Living With Your CRT-P, CRT-D, Pulmonary Artery Pressure Sensor or Left Ventricular Assist Device (LVAD)
Receiving a pulmonary artery (PA) pressure sensor, CRT-P, CRT-D or left ventricular assist device (LVAD) can be a major step toward living a full and active life. It is important to follow your doctor’s instructions as you begin life after treatment. One way you can take care of yourself is to stay informed about what living with your cardiac device can involve.
Feeling well long-term
Eating well, getting or staying active and fostering healthy relationships are key ingredients to successful treatment.
Learn more about feeling well long-term.
Getting the most out of monitoring
Monitoring systems and devices provide your doctor with the information he or she needs to adjust your treatment before symptoms affect your life. If you have a remote monitoring system or pulmonary artery (PA) pressure sensor, be sure to follow the instructions carefully for the best results.
Learn more about getting the most out of monitoring.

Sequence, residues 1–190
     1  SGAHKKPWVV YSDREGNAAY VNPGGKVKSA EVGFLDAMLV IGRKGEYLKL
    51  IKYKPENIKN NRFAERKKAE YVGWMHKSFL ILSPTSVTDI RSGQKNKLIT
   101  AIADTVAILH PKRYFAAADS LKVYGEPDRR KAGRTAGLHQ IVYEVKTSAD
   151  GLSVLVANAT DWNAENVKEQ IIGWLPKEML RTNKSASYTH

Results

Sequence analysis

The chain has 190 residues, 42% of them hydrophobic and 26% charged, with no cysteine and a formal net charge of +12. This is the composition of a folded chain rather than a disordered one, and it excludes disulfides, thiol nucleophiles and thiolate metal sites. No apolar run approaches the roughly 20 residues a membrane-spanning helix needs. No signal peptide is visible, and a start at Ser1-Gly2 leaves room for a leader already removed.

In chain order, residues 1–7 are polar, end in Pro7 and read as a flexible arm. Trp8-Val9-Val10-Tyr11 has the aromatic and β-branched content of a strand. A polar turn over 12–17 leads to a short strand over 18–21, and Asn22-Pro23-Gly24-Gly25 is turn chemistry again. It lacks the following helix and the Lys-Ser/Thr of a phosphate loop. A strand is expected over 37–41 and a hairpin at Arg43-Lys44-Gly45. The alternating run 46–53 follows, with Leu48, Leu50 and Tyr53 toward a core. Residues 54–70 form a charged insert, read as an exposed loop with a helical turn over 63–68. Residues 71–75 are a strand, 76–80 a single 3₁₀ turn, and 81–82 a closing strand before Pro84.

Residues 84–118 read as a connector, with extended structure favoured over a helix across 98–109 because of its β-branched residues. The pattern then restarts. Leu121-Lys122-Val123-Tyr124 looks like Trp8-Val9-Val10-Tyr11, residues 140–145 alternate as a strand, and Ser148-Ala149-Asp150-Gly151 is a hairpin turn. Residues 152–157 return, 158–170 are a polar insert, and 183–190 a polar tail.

Understanding the patient notifier
If you have a CRT-P or CRT-D, it may be equipped with the ability to notify you of changes in its function.
Learn more about understanding the patient notifier.
Traveling with your device
Traveling with your cardiac device can be safe. Before you leave, however, you should consult with your doctor, and depending on your type of device and how you will travel, you may need to take some advance steps to prepare for your trip.
Learn more about traveling with your device.
Electromagnetic interference (EMI)
Electromagnetic interference (EMI) may disrupt your device’s function, so find out where EMI comes from—for example, large-format stereo speakers, high-power shop tools and some medical equipment such as magnetic imaging resonance (MRI) devices—and what to do to avoid it.
Learn more about electromagnetic interference.
Some cardiac devices are powered by a battery. It is important for you to know your device’s battery life and to consult your doctor about when to replace it.
Learn more about your device’s battery.
Getting a replacement device
Your cardiac device is likely designed to support your heart’s function for many years, but there are some reasons you might need to get a replacement device.
Learn more about getting a replacement device.
Others like you have received device therapy and gone on to live healthy and rewarding lives. Read their stories to learn about their experiences.
Read patient stories.